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|Subject: Morris N. Young, eye doctor, collector extraordinaire|
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Date Posted: November 24, 2002 11:05:25 EDT
Dr. Morris N. Young, an ophthalmologist and major collector whose life was framed by the letter M — from medicine to magic to mnemonics to music — died on Nov. 13 in Norwich, Conn. He was 93 and lived in Manhattan.
He was on the way to Worcester, Mass., for a gathering of magicians where he was to be the guest of honor when he suffered a ruptured aneurysm, said his daughter, Cheryl Lesley Young Deknatel.
Dr. Young was a leading collector of books on magic and of artifacts of the magician's trade; books about mnemonics, the formulaic technique used to improve memory; and old sheet music. He was also the author of a dozen books about his passions.
Sometimes Dr. Young's interests merged in odd ways. A lifelong admirer and researcher of Harry Houdini, he used mnemonic theory to interpret the hidden message behind the great magician's home address in Harlem: 278 West 113th Street. He thought it had to mean something, because of Houdini's own passion for mental gymnastics.
Based on a mnemonic system that makes numbers equivalent to consonant sounds and skips the vowels, the solution is "Uncuff We Tie Them." In an article in 2000 in The Mystifier, a publication of the Houdini Historical Center in Appleton, Wis., Dr. Young called the Harlem address "worthy of the Handcuff King."
The first important M in Dr. Young's life came shortly after his birth in Lawrence, Mass., on July 20, 1909, when his parents named him Morris Nathan Young.
When Houdini visited town a few years later, young Morris got to shake his hand after Houdini escaped from being hung upside down from Lawrence's tallest building. Thus, M for magic.
By the time young Morris was 17, he had perfected a "cataleptic" act, in the highfalutin terminology preferred by stage magicians. He held his body rigid, with his head and toes balanced on the backs of two chairs. Houdini saw the act and helped him get into the Society of American Magicians.
Dr. Young majored in chemistry at the Massachusetts Institute of Technology and went on to Harvard to earn a master's degree in the same subject. He could not find a job in the depths of the Depression, so his father, who owned a haberdashery, paid his way through medical school at Columbia University.
Magic dictated his choice of specialties, said his son, Charles, also an ophthalmologist. Because of his fascination with sleight-of-hand magic, he was eager to learn everything about how the eyes work.
His quiet, dignified manner in later life was belied by actions like regularly treating the eyes of a trained chicken used in a magic act.
A member of the Reserve Officers Training Corps, Dr. Young entered the regular Army in World War II and served in Europe and North Africa, reconstructing the faces of wounded airmen.
He returned to work at a succession of hospitals in Manhattan, and became director of ophthalmology at New York University Downtown Hospital. He met John J. McManus, a lawyer who headed the American operations of Rolls-Royce and worked nearby. They shared an enthusiasm: collecting things magical, mainly books, some dating to the 16th century.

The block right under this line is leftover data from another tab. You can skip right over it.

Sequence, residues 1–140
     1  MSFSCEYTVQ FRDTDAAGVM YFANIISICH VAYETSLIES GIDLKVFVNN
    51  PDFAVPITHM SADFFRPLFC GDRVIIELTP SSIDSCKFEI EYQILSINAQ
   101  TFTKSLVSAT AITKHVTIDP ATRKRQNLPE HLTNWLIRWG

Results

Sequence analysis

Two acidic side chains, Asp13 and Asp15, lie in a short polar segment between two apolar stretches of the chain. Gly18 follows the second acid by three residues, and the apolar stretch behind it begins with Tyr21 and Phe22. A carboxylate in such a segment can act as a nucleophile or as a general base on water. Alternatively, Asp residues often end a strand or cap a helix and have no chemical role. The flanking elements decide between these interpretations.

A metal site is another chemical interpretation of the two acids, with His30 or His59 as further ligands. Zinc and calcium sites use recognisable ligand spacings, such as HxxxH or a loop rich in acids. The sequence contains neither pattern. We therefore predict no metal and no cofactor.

Subjects included ventriloquism, fortune telling, spiritualism, witchcraft, gambling, hypnotism, automata and mind reading.
They gradually found fewer and fewer noteworthy books, and pronounced their enterprise finished. In 1955, they presented a collection of 20,000 items to the Library of Congress.
Dr. Young then turned to collecting books on mnemonics, partly because he thought he could amass the world's biggest collection. He believed he came close, and around 1990 donated his thousands of books on the subject to the University of San Marino in Italy.
The M for music relates to songs, sometimes sheet music and sometimes the actual copyrights, which Dr. Young and his brother Barnard bought from many companies, the most famous of which was the Denton & Haskins Corporation. They owned music by Artie Shaw, Louis Armstrong and Jelly Roll Morton, as well as thousands of songs from the 19th century. Dr. Young donated sheet music for the earlier works to the University of Illinois at Urbana-Champaign.
Methodism was another of Dr. Young's M's. He collected hymn books featuring Methodist songs and donated them to the John Street Methodist Church in Lower Manhattan.
Dr. Young's wife of 54 years, the former Chesley Virginia Barnes, insists that the most important M was marriage. She survives him, as do their daughter, Cheryl Lesley Young Deknatel of Manhattan; their son, Charles, of Russellville, Ark., and five grandchildren.
Dr. and Mrs. Young met in a hotel in Naples, the only building Nazi bombers had left standing. By days, she decoded secret messages and by night she played the piano in the hotel. After her rendition of "Somebody Stole My Gal," Dr. Young introduced himself and told her he owned the song.
They said goodbye and she left for Casablanca to join the North African campaign. Years later in New York City, they met again when she applied for a job with one of his medical colleagues. The mnemonics was her idea.
"It was a magical marriage," she said. "Everything's an M, you see."
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